Responsible and Accountable Garment Sector challenge fund
Fund for projects aimed at improving conditions of workers in ready-made garment production sector. It is not open for new applications.
The Responsible and Accountable Garment Sector (RAGS) challenge fund is an active fund, however it is not currently open to applications. RAGS supports projects aimed at improving conditions of vulnerable workers in the ready-made garment (RMG) production sector. The fund aims to benefit workers in low- and lower-middle-income countries in Asia and Sub-Saharan Africa that supply the UK market. For DFID funding information visit the DFID Funding Finder
The aim of RAGS is to make responsible and ethical production the norm in the garment manufacturing sector supplying the UK.
RAGS plays an important part in the Sustainable Clothing Roadmap, a voluntary clothing industry initiative established by the Department for Environment, Food and Rural Affairs (Defra) and implemented by the Waste and Resources Action Programme (WRAP), Defra’s delivery body, to improve the environmental and ethical performance of clothing. This is being done by:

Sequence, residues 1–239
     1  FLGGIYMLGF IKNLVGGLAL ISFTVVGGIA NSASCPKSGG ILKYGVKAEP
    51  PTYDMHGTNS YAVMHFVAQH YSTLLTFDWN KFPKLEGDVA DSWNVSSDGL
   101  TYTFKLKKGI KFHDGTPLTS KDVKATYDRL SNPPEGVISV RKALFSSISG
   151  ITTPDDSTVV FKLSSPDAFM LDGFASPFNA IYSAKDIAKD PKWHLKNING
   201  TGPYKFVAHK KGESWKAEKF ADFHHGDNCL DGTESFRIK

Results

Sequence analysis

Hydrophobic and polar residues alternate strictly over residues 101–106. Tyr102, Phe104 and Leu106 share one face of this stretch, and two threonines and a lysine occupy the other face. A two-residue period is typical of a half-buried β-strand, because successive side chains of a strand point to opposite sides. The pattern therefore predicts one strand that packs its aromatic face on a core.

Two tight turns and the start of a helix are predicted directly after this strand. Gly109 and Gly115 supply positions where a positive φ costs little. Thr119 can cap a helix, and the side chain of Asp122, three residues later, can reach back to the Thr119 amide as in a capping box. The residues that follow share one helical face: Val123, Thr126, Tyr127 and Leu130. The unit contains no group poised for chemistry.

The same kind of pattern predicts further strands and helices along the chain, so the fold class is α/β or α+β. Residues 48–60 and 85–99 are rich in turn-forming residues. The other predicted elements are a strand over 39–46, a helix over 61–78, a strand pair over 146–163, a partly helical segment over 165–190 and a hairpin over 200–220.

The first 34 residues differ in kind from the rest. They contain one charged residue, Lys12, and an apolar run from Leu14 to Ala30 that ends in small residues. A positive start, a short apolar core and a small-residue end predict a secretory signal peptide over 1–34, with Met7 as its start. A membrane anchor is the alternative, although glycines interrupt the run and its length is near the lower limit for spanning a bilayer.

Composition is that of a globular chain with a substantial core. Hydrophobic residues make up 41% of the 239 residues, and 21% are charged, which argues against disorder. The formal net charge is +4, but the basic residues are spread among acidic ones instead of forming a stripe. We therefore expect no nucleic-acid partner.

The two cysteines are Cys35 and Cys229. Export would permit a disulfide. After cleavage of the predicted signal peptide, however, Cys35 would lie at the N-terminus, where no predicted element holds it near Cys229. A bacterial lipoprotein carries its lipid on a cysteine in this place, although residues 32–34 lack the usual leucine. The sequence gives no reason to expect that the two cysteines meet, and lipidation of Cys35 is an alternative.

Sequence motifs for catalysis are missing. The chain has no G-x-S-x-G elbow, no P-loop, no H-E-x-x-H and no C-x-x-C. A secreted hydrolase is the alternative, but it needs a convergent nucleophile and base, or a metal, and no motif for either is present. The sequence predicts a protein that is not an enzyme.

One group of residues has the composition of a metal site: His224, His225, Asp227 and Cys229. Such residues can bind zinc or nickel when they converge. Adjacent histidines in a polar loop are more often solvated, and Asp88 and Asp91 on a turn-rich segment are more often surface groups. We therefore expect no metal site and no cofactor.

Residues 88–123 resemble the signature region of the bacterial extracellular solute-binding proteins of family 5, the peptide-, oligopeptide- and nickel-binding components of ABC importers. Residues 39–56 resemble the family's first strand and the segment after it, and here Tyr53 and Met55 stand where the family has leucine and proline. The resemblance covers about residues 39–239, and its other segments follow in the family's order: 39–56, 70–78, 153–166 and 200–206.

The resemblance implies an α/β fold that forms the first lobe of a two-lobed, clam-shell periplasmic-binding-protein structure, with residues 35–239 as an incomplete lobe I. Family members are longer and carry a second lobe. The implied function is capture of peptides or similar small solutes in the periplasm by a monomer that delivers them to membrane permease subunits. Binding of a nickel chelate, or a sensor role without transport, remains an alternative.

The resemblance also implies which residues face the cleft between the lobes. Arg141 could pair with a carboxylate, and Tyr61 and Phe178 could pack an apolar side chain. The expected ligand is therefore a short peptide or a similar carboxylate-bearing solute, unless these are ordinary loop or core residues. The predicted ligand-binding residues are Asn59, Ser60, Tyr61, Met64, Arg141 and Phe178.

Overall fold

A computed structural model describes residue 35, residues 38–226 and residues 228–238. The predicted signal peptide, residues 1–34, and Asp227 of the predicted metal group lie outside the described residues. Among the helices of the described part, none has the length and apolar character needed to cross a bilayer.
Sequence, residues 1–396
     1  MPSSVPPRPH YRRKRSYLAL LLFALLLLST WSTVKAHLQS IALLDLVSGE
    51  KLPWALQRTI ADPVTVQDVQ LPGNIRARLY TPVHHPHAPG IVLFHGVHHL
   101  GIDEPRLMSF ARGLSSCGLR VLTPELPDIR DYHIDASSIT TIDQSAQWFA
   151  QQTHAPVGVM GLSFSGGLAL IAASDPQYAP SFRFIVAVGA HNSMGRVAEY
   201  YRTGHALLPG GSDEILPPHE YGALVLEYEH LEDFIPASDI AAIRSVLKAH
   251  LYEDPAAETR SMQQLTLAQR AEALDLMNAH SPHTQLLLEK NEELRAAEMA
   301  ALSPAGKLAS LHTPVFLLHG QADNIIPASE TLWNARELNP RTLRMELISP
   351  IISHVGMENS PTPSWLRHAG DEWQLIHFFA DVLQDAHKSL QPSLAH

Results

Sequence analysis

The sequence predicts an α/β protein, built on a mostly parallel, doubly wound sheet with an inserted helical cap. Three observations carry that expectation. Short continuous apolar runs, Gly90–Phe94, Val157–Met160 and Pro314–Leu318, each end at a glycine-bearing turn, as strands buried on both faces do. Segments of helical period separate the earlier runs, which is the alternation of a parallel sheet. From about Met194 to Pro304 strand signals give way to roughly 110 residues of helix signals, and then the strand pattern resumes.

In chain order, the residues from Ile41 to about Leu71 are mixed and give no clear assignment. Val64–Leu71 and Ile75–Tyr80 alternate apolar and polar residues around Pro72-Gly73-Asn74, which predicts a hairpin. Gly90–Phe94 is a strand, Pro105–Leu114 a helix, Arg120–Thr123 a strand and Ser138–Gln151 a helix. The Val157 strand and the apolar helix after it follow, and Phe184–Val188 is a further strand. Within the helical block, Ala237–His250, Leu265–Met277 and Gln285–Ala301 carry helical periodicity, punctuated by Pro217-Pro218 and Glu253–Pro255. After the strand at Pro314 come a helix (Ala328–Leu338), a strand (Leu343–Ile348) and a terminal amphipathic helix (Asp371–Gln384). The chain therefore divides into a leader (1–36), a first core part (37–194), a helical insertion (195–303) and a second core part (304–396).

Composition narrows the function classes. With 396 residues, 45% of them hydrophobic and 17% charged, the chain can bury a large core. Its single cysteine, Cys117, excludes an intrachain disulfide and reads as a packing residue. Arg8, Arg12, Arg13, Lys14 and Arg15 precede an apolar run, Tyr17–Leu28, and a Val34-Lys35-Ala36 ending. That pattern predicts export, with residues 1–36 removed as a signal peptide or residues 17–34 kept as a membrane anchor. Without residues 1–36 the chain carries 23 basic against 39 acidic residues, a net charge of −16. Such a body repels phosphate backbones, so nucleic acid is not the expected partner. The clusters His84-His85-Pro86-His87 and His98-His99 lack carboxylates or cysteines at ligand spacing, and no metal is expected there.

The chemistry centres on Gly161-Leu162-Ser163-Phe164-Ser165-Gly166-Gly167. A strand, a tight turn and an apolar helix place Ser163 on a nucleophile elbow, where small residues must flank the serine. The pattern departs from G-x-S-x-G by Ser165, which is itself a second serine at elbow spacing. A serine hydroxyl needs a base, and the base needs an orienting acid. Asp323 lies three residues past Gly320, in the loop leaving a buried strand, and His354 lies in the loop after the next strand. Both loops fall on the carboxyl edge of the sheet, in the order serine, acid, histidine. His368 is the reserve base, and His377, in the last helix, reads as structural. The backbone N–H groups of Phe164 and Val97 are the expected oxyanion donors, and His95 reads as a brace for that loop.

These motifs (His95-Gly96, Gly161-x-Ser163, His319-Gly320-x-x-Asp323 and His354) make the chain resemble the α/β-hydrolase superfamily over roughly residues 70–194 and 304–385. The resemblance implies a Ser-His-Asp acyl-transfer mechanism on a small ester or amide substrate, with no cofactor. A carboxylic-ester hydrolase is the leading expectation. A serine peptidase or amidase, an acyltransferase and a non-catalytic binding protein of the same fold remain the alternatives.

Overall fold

- establishing sound evidence on key impacts and where action will be most effective
- agreeing various actions in priority areas (individual organisations and industry wide)
- providing a platform to disseminate industry best practice as case studies to catalyse change throughout the sector
RAGS is funded by UKaid from the Department for International Development (DFID). Grants are made to companies, non-governmental organisation (NGOs) and/or trade unions that commit to demonstrating sustainable improvements in the working conditions of garment workers in countries supplying the UK market.
Funds are made available on a cost-sharing basis. This means that for every grant made the grant holder (company, NGO or trade union) must match public funds with their own finance or in-kind contribution or other source(s) of funding.
A call for grant applications took place in 2010 and 11 approved projects from this call are currently being implemented. No further calls for grant applications are being considered.
RAGS is managed by Maxwell Stamp PLC.
The fund supports initiatives in poorer African and Asian countries supplying the UK market and is open to companies, trade unions and NGOs working to improve labour conditions in the garment sector. The fund promotes ethical trading principles, but also includes some projects that work specifically in Fairtrade-certified supply chains.
RAGS projects are led by:
- ActionAid Bangladesh
- Ethical Trading Initiative (ETI)
- Global March India Foundation
- Impactt Limited